‘Night Shift’ Confronts Multiple Ethical Dilemmas

by Cammy Madden
Night Shift

Night Shift follows three police officers: Virginie, Erik, and Aristide. After volunteering for overtime, the trio is tasked with escorting an illegal immigrant to the airport. What could go wrong?

The movie (which also goes by the title Police) is currently being shown at the Alliance Française French Film Festival in Australia. The pace is a little slower than I’d imagined, particularly at the beginning. There is a story being told, but there’s more going on than what you’re seeing on the screen.

Night Shift raises many interesting questions. What does it mean to be a “good” police officer? Is it possible to keep your morality intact while following orders? Is dehumanization just one of many coping mechanisms used within such a psychologically distressing career? But the question I want to ask is: Does Night Shift effectively tackle the societal issues it leans on so heavily?

This post contains MAJOR spoilers!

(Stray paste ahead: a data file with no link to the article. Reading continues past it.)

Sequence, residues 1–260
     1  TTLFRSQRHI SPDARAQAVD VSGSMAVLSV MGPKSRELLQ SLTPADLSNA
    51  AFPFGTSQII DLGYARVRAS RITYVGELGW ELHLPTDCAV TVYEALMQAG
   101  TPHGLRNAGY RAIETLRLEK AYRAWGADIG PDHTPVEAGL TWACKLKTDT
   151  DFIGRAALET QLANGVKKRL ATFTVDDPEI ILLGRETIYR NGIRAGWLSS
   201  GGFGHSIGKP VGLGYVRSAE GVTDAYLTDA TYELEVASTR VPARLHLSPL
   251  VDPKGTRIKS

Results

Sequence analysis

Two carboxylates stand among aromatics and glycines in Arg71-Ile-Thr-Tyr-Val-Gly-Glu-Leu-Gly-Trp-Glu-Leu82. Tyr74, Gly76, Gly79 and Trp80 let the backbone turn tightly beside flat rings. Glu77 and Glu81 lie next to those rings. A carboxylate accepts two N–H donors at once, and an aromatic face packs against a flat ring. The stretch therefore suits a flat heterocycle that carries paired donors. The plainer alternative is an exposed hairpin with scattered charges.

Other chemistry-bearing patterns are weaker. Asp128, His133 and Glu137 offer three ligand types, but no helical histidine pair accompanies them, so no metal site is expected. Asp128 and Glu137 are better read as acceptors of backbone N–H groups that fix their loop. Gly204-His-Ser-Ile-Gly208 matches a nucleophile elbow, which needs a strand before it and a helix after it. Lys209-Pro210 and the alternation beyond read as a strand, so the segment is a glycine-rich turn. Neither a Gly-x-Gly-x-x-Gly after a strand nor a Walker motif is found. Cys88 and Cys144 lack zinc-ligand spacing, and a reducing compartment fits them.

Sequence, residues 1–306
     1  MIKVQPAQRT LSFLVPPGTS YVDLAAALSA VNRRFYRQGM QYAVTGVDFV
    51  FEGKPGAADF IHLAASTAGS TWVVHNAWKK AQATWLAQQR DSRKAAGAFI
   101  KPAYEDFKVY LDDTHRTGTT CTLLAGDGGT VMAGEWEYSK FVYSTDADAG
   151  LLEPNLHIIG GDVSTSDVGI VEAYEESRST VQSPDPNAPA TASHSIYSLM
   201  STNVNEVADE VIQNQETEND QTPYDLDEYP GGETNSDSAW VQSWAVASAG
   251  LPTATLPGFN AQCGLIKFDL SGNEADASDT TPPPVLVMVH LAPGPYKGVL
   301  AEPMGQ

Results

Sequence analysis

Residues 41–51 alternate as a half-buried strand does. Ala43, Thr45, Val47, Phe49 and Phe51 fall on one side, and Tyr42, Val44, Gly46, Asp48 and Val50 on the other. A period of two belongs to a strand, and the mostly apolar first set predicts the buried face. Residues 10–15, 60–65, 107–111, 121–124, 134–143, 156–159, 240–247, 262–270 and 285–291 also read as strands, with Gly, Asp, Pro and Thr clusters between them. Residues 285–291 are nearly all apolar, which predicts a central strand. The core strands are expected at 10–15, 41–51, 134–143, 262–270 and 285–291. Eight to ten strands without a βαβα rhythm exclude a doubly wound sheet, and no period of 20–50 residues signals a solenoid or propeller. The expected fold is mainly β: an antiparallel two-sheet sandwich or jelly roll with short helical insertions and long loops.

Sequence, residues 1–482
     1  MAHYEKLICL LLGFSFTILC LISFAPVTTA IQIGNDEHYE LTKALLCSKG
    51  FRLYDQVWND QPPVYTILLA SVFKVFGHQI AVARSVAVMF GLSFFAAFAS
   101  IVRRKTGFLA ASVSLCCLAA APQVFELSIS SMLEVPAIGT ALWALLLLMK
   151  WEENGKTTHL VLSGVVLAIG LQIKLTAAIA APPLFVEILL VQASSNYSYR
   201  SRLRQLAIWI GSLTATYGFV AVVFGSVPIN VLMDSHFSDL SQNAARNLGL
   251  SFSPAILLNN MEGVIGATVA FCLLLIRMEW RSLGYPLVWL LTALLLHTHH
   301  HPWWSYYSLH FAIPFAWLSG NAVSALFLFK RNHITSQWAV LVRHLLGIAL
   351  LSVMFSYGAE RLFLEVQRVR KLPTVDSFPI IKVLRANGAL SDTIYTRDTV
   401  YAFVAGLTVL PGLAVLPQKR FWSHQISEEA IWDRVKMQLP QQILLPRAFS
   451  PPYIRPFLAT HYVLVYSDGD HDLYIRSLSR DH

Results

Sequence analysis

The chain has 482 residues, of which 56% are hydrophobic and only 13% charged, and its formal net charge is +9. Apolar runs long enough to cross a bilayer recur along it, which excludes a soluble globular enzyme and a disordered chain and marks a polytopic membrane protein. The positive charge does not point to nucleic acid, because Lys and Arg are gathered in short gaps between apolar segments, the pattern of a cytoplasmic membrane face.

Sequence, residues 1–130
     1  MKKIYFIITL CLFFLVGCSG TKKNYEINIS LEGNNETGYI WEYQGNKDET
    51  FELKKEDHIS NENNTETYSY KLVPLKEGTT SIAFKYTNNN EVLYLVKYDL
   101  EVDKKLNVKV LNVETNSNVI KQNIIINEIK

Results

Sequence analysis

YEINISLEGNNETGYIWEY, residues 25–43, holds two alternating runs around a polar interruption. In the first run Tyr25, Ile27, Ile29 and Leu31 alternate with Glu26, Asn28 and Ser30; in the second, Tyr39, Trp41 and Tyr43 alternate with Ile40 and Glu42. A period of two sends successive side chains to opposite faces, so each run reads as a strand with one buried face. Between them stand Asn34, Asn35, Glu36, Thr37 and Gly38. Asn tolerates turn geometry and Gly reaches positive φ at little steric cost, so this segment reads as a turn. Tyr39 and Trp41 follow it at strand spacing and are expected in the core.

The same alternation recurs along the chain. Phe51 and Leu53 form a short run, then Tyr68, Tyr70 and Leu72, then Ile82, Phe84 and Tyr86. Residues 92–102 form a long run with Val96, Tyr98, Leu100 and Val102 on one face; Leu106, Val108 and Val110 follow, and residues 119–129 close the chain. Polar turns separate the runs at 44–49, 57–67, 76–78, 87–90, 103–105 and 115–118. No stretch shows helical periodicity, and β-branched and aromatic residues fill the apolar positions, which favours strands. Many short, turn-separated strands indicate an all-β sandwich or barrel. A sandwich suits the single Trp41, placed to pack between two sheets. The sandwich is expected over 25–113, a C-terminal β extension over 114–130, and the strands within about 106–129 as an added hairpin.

An Overview of Night Shift

Let’s use the synopsis as a platform through which to bring Night Shift’s societal questions into the spotlight. The movie essentially follows four characters: Virginie (Virginie Efira), Erik (Grégory Gadebois), Aristide (Omar Sy), and Asomidin Tohriov (Payman Maadi). The first three are officers escorting the latter to the airport for deportation. Each is facing their own personal crisis.

We explore the story through dialogue and flashbacks. There aren’t police chases or anything akin to The Departed, just to warn you. Night Shift tells a slow-paced story that brings our attention to real problems that exist in the world today. Virginie, for example, deals with sexism from her colleagues, members of the public, and the system in general. A problem that appears heightened due to pregnancy. This comes with added stress due to the unborn child’s father being her colleague, Aristide, not her husband. Erik’s inability to cope with the stresses of the job makes his constant battle with alcoholism and tobacco addiction evermore challenging. His fractured marriage (to a pill-addicted wife) only exacerbates the situation. Aristide struggles with PTSD and anxiety while trying to maintain the perception of masculinity that others hold to him.

These three officers, in a bid to avoid returning home, volunteer for overtime. The task is simple: deliver Asomidin Tohriov to the airport for deportation. On the way, details emerge about what may await Tohriov in his home, Tajikistan. His traumatic and torturous ordeal leaves the officers with a moral dilemma: Do they allow him to escape? Or do they deliver him as planned, sending him home to God knows what?